HIGH-STEPPIN' MOUNTAIN FOLK: The Cossacks of the old Ukraine had an interesting way of whiling away the time during the long nights of war.
The soldiers would leap over the campfire, thrusting their legs out into perfect splits. Or they would do squat-kicks, crouching their bodies down and kicking out their feet.
And that, says Luba Chliwniak, is how Ukrainian folk dance got started.
Before Chliwniak (pronounced KLU-ni-ak) enrolled in a Ph.D. program in educational administration at the UA, she taught Ukrainian dance to kids in Tucson. She's an expert on the style of dance Americans mistakenly think of as Russian, the one where the men wear baggy pants and red boots and spend a lot of time doing squat kicks. She says Veseli Halychany, the Ukrainian dance troupe that will perform in Tucson Thursday, September 7, will present quite a different program.
"They're not what you usually see," Chliwniak explains. "They're from Halychana, a region in Western Ukraine. They are mountain people. We usually see dancing from Kiev, the capital city. We don't generally see country dances."
There are 22 regions in Ukraine, each with its own dances, music and costumes. The Halychana dances, says Chliwniak, are "high-stepping and lively, with generally fast music. By tradition, the people in Halychana were shepherds. After the sheep were collected and put away at the end of the season, the shepherds would do concerts for the villagers. The villagers came together to celebrate a good season."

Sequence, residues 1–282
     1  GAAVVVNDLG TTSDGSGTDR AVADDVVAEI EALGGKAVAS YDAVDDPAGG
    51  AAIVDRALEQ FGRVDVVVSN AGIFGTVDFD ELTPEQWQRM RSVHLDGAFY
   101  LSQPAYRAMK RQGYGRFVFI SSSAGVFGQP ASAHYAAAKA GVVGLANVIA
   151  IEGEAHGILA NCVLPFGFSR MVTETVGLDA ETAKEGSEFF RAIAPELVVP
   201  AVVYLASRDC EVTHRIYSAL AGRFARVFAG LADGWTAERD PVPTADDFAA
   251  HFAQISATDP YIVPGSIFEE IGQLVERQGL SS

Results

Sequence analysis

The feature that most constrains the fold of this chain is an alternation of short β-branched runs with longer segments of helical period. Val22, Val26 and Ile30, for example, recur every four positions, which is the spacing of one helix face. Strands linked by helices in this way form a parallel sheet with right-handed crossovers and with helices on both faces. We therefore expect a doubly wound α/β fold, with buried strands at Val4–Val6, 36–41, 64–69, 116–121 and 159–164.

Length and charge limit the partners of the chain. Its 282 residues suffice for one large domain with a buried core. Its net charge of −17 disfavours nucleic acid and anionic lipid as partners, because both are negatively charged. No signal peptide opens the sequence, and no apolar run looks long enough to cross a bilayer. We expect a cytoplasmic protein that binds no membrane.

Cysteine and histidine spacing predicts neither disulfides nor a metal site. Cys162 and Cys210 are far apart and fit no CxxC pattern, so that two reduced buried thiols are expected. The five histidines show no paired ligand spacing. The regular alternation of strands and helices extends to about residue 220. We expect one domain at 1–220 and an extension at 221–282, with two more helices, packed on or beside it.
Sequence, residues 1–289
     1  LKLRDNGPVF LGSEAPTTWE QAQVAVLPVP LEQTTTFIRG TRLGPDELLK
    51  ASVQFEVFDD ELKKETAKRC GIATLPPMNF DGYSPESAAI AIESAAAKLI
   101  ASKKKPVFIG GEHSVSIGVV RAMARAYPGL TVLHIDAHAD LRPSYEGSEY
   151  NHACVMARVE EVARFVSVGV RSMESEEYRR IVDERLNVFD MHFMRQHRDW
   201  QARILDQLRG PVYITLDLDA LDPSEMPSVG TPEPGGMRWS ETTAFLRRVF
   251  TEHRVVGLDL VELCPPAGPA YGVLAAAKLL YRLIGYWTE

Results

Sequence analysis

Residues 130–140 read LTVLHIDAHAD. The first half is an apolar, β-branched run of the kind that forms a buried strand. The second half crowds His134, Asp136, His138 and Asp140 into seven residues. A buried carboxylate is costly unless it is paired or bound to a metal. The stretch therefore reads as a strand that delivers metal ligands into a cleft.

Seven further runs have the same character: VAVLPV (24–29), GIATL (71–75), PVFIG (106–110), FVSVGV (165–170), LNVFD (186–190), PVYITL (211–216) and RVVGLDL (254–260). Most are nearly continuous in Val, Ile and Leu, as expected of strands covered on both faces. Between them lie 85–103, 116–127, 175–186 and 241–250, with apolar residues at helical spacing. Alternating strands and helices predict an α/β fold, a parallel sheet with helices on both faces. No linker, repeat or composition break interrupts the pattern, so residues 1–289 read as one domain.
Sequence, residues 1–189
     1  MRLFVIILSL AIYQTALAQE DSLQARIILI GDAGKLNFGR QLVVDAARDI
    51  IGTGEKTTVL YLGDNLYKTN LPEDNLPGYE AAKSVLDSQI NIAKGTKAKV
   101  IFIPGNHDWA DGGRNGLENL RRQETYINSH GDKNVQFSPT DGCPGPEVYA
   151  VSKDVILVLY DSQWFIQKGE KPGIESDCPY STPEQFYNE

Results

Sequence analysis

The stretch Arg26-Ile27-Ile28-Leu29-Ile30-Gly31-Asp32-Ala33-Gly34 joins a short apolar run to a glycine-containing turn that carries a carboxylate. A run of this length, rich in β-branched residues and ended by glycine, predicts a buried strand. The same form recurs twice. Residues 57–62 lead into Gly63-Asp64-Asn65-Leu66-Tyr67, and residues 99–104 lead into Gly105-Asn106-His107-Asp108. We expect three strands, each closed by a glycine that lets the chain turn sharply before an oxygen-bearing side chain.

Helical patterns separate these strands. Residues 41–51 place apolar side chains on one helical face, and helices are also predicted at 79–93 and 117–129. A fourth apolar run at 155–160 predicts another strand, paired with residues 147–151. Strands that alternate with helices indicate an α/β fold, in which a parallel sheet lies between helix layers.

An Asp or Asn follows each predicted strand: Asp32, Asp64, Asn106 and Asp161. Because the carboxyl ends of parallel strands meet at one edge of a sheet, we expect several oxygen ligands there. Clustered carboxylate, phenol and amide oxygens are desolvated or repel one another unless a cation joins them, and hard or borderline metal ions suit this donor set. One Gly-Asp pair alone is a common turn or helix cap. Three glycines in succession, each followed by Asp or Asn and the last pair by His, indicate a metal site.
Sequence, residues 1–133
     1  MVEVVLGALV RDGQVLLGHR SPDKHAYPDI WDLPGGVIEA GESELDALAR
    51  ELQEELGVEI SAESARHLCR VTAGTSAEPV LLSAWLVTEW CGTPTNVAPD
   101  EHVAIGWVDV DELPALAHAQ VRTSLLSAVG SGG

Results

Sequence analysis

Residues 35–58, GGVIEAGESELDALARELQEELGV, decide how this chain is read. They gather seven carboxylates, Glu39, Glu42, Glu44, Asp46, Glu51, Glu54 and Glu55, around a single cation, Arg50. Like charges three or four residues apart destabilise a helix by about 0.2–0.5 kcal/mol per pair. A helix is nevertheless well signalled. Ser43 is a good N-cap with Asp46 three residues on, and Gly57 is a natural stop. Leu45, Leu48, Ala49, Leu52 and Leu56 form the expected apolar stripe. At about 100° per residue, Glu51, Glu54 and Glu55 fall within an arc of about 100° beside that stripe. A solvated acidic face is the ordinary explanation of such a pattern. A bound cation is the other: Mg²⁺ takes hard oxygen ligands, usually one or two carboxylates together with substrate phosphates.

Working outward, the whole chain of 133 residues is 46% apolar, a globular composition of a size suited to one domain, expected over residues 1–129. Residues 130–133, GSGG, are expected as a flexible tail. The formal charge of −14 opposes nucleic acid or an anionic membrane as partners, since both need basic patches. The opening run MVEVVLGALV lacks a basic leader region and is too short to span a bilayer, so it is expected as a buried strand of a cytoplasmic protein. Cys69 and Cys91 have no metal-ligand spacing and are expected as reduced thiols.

As the dances evolved from male competition into folk forms, women joined in, Chliwniak says. Typically, women "dance to depict something, the weaving of a cloth or blossoms opening in the spring." The 12 members of Veseli Halychany include singers and musicians playing fiddles, squeezebox, flute and bass.
The concert, co-sponsored by the Ukrainian American Society of Tucson, begins at 7 p.m. at the UA Modern Languages Auditorium. Admission is $10 general, $5 for students. For reservations call 296-0085. Beware, though, there's a football game the same evening.
People going to the dance would be wise to pick up the shuttle bus at the northeast corner of El Con Mall, which starts service at 5 p.m.
Moving to the western hemisphere, Tucsonans can immerse themselves in Haitian culture on Monday, September 11. The Haitian band Boukman Eksperyans starts up at 7:30 p.m. at the Southwest Center for Music, 2175 N. Sixth Ave. For details on the music, see Michael Metzger's story in the music section. But there's more than just a concert: A vegetarian Haitian dinner starts at 6 p.m. and an exhibition of Haitian art will last all evening.
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